So, if you want your kids to feel safe and secure, to feel like they are the most important thing, put each other first. I know it may feel like I'm telling you to go right to go left, but I speak from experience. My parents put their relationship with each other first, which makes them bigger heroes than any talking car will ever be.
Thank you for your insight in this piece. It is an easy problem to fall into with society's and the church's pressure to have a perfect (outwardly) family.ReplyDelete
This post is full of wisdom. I love your term "counter-intuitive" to describe putting your husband first. That is exactly my experience. I am still practicing this.ReplyDelete
What about when there is step parenting involved. I feel that my husband has an inappropriate friendship with his boys because it supersedes parenting and I come dead last no matter what. We attend christian counseling every week but he wont change. Is it just as beneficial for kids to see parents out each other first when one is not mom? I feel they have learned to be devious because of this and problems are getting bigger. Including my attitude :(ReplyDelete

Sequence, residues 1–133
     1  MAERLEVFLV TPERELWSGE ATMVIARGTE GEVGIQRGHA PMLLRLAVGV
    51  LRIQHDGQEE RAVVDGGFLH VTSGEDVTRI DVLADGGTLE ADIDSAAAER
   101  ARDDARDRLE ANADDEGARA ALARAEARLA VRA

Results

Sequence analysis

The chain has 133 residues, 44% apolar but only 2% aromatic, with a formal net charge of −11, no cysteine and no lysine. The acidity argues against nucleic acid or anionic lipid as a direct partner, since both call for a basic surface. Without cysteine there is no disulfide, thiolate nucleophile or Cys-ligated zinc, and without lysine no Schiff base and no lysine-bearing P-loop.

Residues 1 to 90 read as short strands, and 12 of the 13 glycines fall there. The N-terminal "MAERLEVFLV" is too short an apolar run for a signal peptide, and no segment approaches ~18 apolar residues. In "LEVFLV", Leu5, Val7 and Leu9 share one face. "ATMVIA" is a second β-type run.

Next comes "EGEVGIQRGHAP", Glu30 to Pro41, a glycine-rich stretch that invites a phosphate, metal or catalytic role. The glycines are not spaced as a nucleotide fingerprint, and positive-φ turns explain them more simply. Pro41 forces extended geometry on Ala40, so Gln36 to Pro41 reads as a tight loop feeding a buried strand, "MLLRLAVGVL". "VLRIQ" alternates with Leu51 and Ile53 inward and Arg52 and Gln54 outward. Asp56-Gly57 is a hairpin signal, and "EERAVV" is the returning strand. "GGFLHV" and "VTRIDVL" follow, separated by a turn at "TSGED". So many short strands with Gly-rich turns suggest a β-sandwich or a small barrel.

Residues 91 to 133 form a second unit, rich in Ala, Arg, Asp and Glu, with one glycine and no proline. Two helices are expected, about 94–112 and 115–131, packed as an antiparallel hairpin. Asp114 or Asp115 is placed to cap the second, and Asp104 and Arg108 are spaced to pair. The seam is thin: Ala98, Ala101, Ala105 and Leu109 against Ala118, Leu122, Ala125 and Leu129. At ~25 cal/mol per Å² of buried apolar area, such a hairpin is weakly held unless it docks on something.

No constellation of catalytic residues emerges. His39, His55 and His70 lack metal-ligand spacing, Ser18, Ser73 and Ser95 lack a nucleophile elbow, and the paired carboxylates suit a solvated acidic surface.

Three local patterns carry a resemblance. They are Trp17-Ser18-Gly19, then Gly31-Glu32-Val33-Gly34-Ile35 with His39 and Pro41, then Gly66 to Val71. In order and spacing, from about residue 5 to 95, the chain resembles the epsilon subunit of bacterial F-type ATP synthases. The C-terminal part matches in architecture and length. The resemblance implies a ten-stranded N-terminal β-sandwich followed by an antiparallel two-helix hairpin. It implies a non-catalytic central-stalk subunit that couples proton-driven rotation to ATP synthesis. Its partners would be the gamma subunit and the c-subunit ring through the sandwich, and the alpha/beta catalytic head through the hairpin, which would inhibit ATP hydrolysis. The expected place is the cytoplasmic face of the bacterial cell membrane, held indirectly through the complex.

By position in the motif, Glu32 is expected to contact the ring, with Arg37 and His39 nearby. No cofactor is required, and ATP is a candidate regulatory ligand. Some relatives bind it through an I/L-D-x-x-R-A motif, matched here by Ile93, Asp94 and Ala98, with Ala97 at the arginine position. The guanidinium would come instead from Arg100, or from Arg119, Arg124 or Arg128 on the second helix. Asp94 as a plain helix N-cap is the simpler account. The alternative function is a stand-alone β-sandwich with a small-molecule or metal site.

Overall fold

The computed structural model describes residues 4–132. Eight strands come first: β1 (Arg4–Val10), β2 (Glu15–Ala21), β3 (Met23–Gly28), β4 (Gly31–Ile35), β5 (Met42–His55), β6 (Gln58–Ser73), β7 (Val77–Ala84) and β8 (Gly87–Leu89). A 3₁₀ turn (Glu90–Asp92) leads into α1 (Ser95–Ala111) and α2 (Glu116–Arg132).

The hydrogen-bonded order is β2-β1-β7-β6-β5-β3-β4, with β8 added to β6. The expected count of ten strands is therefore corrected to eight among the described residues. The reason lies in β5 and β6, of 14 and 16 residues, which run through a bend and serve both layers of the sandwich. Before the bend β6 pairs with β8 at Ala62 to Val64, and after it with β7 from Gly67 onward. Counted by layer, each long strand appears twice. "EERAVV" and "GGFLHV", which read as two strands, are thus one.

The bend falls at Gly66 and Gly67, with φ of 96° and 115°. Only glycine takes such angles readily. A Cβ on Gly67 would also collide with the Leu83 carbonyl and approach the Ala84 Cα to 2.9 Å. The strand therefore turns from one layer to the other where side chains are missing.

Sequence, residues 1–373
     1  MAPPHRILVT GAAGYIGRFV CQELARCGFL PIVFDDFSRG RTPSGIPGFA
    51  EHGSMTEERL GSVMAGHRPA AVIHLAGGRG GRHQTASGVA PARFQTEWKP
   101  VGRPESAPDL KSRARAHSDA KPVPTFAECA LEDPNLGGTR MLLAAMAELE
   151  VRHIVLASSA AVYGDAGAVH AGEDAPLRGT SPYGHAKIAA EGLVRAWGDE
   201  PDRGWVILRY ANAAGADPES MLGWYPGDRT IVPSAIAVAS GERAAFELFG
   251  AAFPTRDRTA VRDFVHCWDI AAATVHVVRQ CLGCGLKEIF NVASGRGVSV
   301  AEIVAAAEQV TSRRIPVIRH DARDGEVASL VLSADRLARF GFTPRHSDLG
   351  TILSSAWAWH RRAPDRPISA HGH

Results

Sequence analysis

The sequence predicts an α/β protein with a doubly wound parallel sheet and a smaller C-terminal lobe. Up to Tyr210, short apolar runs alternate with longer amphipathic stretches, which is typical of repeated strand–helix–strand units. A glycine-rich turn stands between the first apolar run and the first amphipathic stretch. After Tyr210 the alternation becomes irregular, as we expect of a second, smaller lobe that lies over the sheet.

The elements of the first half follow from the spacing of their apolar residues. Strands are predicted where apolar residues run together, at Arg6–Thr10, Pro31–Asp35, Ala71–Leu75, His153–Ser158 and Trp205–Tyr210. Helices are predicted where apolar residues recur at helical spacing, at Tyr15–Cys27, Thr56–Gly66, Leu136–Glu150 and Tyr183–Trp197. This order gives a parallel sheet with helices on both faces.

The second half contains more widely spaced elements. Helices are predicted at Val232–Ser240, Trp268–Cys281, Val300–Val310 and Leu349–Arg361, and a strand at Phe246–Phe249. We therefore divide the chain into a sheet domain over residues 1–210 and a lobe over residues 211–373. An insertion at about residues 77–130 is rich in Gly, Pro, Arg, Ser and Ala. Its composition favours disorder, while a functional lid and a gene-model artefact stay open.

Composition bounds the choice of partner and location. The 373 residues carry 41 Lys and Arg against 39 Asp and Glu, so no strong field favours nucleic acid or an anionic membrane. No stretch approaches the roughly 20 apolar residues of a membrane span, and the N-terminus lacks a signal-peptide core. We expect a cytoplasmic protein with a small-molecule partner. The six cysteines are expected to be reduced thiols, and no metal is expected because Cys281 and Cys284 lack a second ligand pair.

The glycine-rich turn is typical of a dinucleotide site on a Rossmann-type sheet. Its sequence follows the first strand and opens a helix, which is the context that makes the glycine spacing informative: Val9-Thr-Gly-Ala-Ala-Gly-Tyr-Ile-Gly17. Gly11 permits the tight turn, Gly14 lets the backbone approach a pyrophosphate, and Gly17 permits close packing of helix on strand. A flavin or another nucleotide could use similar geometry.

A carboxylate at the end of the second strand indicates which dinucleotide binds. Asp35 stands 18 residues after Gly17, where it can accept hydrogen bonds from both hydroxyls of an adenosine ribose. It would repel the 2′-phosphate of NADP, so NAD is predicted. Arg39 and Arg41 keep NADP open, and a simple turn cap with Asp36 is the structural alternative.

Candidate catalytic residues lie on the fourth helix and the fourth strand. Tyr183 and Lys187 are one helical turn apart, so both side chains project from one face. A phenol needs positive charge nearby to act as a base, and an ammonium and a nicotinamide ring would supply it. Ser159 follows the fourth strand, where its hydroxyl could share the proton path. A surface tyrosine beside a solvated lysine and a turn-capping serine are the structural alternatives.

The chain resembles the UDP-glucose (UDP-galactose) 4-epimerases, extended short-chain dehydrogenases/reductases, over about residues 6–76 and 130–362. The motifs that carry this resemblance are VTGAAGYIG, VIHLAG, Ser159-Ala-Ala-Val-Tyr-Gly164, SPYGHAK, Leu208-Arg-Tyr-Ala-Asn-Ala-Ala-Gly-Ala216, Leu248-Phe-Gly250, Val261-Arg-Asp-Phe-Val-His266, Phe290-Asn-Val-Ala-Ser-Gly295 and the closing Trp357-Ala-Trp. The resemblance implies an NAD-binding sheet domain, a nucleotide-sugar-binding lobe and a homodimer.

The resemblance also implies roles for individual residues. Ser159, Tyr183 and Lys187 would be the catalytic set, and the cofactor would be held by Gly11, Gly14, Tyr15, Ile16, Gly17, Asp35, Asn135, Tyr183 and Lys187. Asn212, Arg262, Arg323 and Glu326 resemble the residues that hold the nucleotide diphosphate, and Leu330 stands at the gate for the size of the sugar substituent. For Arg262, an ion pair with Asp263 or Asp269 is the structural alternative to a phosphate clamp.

I totally understand. I agree with this article 100%, but it's tricky when stepparenting is involved. My husband said the weekends are primarily time for the kids because he doesn't see them during the week. It should be time for everyone. No prioritizing. That seems like just the opposite of what this article is suggesting. (in my opinion) We are also going to counseling...also for issues between his daughter and myself....hopefully it will get better. Hang in there! :)Delete
Sadly this doesn't apply to the single mom epidemic. In such a relationship, the man will NEVER be first. NEVERReplyDelete